Zen Blog

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Knowns and Unknowns Regarding Sogyal Rinpoche’s Biography

By Bernd Zander

A review of “Sex and Violence in Tibetan Buddhism: The Rise and Fall of Sogyal Rinpoche” by Mary Finnigan and Rob Hogendoorn

One main concern for Sogyal Rinpoche’s (SR) former students is – or at least should be – that we had to realise that our spiritual teacher isn’t the man we thought he was. That leads almost unavoidably to the question of who he really is.

Of course, we have quite a lot of publicly available material: On the one hand there are SR’s own accounts, as well as those of other lamas and Rigpa, mainly portraying him as a great master. This in many ways tends to remind us of the Tibetan literary genre of an idealized devotional biography, called namtar[1]. Otherwise, there is plenty of evidence of his abusive, shadow side, culminating in a letter by 8 of his closest students[2] in 2017 and an official report subsequently commissioned by Rigpa (Lewis Silken Report, 2018)[3]. However, the great challenge remains to make sense of these two very oppositional and conflicting sides without remaining stuck in cognitive dissonance.

“Sex and Violence in Tibetan Buddhism: The Rise and Fall of Sogyal Rinpoche” by von Mary Finnigan and Rob Hogendoorn (Jorvik Press, 2019 – 204 pages)

Here the need for scientifically-proven, historical and biographical research comes into play. In this regard particularly it’s worth noticing the recent publication of Sex and Violence in Tibetan Buddhism.(SVTB) Its approach is a combination of:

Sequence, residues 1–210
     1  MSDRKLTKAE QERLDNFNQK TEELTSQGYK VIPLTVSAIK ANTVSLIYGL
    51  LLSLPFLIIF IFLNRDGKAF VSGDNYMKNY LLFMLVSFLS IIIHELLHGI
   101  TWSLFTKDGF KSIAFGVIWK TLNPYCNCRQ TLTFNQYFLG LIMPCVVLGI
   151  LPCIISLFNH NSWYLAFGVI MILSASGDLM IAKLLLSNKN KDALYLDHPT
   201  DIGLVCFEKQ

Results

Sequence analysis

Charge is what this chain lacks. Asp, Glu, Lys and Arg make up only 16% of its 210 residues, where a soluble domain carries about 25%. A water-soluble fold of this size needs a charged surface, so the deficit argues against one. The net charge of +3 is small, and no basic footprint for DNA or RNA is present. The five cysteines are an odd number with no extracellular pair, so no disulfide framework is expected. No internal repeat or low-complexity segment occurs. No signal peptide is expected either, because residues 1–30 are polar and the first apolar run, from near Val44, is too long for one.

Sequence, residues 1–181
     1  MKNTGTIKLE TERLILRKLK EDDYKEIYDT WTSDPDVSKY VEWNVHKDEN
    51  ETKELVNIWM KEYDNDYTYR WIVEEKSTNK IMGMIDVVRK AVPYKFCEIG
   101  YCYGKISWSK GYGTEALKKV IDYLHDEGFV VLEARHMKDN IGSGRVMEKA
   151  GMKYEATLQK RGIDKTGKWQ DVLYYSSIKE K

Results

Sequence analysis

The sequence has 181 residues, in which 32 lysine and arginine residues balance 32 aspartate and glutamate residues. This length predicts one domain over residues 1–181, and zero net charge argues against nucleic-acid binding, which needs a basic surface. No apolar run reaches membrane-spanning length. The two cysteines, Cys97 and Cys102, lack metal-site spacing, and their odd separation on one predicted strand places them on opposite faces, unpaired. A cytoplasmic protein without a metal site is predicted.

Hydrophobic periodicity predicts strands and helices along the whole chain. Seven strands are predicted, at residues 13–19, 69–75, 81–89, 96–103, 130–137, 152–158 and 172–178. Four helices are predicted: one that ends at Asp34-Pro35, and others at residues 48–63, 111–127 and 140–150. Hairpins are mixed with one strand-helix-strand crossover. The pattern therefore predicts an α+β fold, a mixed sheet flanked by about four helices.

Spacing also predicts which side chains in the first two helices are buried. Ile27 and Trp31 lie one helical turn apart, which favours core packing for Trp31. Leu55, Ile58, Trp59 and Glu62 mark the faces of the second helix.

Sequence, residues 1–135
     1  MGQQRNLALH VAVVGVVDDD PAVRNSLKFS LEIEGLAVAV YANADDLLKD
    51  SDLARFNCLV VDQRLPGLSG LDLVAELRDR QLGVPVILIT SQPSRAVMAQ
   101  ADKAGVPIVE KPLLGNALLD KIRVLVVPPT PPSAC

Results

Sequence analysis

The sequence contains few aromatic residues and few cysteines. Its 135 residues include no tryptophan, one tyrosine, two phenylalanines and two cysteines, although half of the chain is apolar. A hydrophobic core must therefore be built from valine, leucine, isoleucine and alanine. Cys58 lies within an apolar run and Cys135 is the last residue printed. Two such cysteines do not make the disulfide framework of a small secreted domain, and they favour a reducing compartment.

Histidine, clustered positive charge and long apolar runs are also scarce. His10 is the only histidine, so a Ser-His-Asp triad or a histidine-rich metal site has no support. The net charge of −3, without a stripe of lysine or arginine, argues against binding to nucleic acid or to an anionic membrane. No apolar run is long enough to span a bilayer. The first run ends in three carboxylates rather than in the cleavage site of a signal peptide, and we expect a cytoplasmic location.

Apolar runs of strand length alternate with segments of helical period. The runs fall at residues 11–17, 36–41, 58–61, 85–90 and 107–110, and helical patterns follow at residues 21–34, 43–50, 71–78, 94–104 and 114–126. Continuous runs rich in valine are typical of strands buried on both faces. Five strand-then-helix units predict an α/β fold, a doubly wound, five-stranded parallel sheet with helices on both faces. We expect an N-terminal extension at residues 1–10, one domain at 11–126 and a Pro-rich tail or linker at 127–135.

a) Historical, biographical research stretching back to the 1940’s, beginning with a fascinating account of the complicated power struggles within and between ancient Tibet/China and how they directly affected SR’s ancestors, the Lakar family. As stated on page 187, reference 3, this part of the book (chapters 2 and 3) is the result of Dutch journalist Rob Hogendoorn’s (RH) research, based on his paper entitled “The Making of a Lama: Interrogating Sogyal Rinpoche’s Pose as a (Re)incarnate Master (2018)”. This paper is currently unavailable, however. The author claimed six weeks ago that he was revising it and it would be published soon on his website, Open Buddhism. However, that has yet not happened and at present, there is no access to resources from that paper.

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Khenpo Karthar Rinpoche, Anchor of Tibetan Buddhism in the West, Dies

Khenpo Karthar Rinpoche, a leading figure of Tibetan Buddhism in the US, died early in the morning on Sunday, October 6, at the age of 95. Karthar Rinpoche was the abbot of Karma Triyana Dharmachakra (KTD), a monastery in the Karma Kagyu school of Tibetan Buddhism near Woodstock, New York, since its founding in 1978. The influential teacher died at his home in Delaware County, NY.